Cambria residents still breathing a sigh of relief after a close-call fire June 16 in Fern Canyon, just west of Highway 1, are turning their attention to the related issues of fire danger, illegal encampments and homelessness in the forest.
The Land Conservancy of San Luis Obispo County has set aside Wednesday and Thursday to haul away material and clear the extensive illegal encampment in the canyon near where the fire started.
Meanwhile, the Cambria Fire Department and other officials are working to piece together how the fire started, who started it and how similar situations can be prevented amid the lingering drought.
When the Fern Canyon fire started, Miller said, “the marine layer was in (and) there was absolutely zero wind. Under different circumstances, this could have been something that got out of control real quick.”
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As it was, the fire was extinguished in 15 to 20 minutes, he said.
Hiding in plain sight
A visit to the encampment at midafternoon Monday revealed how extensive it is. A winding path covers several hundred yards, roughly parallel to Highway 1, before the shelter appears at the last minute around the final bend.
“They can hide in plain sight,” Miller noted. “It’s incredible the size and the magnitude of this thing that was going on over here. It’s not something that built itself overnight.”
At the end of the dirt trail Monday stood a wooden stairway complete with a handrail made from tree branches, which led to the residence itself. The interior was a single room, but was extensive: Miller estimates it at 120 to 130 square feet. The wood-paneled structure was equipped with built-in wood shelves, windows, a locking door, sink and even a balcony out back.
The interior had a kitchen on one end, a living area in the middle and a sleeping area at the other end. As of Monday, you could still see a mattress, a couch, canned food, a tea kettle perched above a propane tank and numerous other belongings strewn across the floor and shelves.
Miller said the entire place was powered by a solar panel. More than once, he remarked that the builder could probably make a living professionally building treehouses.
Greeted at the encampment
Upon visiting the encampment Monday, the chief was greeted by Ed Tolosko, who was clearing some belongings he said he’d loaned one of the occupants, whom he described as his adopted son.
“I thought when he borrowed this stuff from me, he was just going to go camping for a little bit,” Tolosko said. “I didn’t know he was going to do this.”
Tolosko said he had his own encampment in the forest for 17 years until recently, when authorities told him he’d have to leave. Fortunately, he said, someone had offered room to stay inside a house.
He said the number of homeless encampments in the forest had increased recently.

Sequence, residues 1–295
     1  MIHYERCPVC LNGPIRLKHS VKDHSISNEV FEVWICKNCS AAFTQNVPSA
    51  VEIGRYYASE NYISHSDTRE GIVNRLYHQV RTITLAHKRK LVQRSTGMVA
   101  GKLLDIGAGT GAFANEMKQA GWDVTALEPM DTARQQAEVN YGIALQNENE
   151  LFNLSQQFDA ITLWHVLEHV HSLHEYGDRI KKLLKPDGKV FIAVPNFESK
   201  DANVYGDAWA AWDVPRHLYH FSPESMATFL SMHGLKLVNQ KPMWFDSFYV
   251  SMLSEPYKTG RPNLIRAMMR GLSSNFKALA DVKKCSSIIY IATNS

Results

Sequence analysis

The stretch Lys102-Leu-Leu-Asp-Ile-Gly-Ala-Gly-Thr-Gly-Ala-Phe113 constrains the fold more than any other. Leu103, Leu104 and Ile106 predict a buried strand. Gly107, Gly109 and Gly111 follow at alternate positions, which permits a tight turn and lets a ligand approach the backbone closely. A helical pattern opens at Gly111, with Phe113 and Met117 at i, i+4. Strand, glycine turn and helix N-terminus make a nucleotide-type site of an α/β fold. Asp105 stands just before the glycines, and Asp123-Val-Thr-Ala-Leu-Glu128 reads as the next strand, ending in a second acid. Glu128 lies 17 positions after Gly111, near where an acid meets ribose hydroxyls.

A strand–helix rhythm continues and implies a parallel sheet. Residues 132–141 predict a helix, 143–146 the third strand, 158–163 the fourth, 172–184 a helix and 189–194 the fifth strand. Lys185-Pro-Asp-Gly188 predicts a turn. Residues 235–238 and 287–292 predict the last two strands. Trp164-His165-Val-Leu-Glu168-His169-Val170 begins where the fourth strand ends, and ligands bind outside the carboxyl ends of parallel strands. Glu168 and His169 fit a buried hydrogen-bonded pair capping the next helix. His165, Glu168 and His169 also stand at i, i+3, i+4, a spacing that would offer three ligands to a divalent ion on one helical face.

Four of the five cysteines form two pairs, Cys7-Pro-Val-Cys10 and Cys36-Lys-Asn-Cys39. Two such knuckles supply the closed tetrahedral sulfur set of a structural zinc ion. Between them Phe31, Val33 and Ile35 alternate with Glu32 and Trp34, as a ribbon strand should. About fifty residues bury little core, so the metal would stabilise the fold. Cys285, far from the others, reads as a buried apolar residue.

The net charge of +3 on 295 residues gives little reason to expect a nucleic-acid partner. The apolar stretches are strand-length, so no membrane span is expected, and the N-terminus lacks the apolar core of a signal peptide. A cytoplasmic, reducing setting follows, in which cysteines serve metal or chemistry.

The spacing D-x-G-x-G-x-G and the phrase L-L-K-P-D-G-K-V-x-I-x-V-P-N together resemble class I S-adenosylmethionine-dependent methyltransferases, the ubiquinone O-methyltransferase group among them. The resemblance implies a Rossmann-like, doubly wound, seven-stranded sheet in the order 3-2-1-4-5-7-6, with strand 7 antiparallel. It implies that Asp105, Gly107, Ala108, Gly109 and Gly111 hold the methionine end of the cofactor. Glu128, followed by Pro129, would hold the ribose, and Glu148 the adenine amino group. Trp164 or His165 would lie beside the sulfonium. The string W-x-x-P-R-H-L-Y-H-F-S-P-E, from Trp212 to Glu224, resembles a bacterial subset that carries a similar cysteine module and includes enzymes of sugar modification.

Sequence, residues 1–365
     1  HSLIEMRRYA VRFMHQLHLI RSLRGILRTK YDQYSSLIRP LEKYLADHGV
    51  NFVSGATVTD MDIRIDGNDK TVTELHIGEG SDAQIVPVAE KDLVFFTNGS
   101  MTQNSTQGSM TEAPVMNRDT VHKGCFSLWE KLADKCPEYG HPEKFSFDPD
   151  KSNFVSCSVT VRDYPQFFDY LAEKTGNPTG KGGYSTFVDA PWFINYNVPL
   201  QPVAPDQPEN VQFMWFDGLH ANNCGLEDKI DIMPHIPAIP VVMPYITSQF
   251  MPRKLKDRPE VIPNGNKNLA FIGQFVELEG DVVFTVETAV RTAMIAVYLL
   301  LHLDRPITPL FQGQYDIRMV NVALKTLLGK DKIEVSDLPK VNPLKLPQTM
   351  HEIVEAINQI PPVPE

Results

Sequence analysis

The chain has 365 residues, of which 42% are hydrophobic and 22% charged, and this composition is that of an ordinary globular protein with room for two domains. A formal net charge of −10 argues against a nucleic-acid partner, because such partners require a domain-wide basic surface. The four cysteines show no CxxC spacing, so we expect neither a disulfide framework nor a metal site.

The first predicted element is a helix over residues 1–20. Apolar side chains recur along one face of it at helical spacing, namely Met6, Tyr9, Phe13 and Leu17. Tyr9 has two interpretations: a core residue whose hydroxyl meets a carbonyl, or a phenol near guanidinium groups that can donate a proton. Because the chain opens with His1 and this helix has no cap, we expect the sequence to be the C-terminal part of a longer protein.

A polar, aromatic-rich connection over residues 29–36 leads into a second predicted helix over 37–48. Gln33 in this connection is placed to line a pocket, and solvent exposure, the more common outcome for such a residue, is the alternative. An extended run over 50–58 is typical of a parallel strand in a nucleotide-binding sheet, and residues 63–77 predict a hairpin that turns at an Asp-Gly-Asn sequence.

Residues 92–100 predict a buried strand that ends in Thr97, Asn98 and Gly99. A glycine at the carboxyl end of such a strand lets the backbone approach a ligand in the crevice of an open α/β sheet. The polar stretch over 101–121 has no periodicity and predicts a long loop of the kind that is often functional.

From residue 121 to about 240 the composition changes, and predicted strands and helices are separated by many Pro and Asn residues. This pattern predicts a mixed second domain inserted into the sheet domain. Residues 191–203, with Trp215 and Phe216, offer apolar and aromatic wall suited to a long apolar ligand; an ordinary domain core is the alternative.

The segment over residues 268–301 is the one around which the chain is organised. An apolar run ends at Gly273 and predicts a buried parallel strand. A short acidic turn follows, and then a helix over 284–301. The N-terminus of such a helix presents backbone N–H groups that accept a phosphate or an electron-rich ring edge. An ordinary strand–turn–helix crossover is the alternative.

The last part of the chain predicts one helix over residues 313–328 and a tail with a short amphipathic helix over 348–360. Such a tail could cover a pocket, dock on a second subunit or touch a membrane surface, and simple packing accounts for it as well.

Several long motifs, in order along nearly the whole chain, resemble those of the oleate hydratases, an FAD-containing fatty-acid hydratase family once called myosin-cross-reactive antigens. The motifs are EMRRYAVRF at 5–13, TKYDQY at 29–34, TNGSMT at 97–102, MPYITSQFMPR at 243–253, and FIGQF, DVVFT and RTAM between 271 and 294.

“There was only me for the last two years, and then all of a sudden, this place got overrun,” he said. “I’d say there were seven from San Simeon on down.”
On his way to the site, Miller pointed out a gasoline-powered electrical generator among an area of charred tree trunks and branches where the fire had broken out. He said the generator appeared to have been the cause of the fire.
Tolosko, however, disputed that.
“That was my generator, and it didn’t run,” he said. Instead, he blamed two other individuals who had a dispute with his adopted son “over a woman,” accusing them of setting the blaze intentionally.
Miller said he knew the apparent architect of the encampment — the man Tolosko described as his adopted son — as someone who’s been seen riding his bicycle around town: a bicycle equipped with a basket and a sign bearing a confrontational obscenity.
Connections to Wilcombe house
Signs bearing the same obscenity had been seen near the encampment, as well, he said.
Miller reaffirmed that he believed there was “a definite connection” between the encampment and a house on the 2500 block of Wilcombe Road a few hundred yards away, saying that individuals had been seen at both the Wilcombe site and the encampment.
Miller identified the person leasing the house as Christopher John Kehoe, who was arrested in January after authorities reported finding more than 600 images of child pornography on his home computer.
Miller said Kehoe, 49, was at the residence when he and county code enforcement officer Art Trinidade visited the area last week. Miller added that Kehoe is being evicted and must be out of the residence by the end of July.
Pointing to items such as plastic containers of nutritional powder and a chalk signboard at a nearby encampment that appeared to have come from a local eatery, Miller suggested that the residents might have used small-scale burglaries to help build and maintain their sites.
“I think there’s probably some burglaries going on,” he said. “That stuff we saw there, I don’t think they went to the store and bought it.”
Part of the reason the encampment remained hidden for so long, he said, was its isolated location between the dead-ends of Fern Drive and Trenton Avenue. Some of the nearby homes, he added, are vacant for much of the year.
“The house on Fern (closest to the encampment) is a vacation rental,” he said, “and there’s a block of homes on Trenton that are all vacation rentals.
“It’s pretty startling when you see it how concealed it is and the magnitude of it.”
Land Conservancy cleanup
The Land Conservancy of San Luis Obispo County is distributing fliers inviting residents to participate in the effort to clear out the encampment. Participants are advised to bring work boots, work gloves, a hat, safety glasses and drinking water; rubber gloves and facemasks will be provided.
- When: 9 a.m. to 3 p.m. Wednesday and Thursday
- What: Bag trash from homeless encampment and dispose of trash and materials into a Dumpster at the end of Trenton Avenue
- Where: North end of Trenton Avenue, Cambria
- Contact: Dylan Theobald, 544-9096, ext. 11, or email@example.com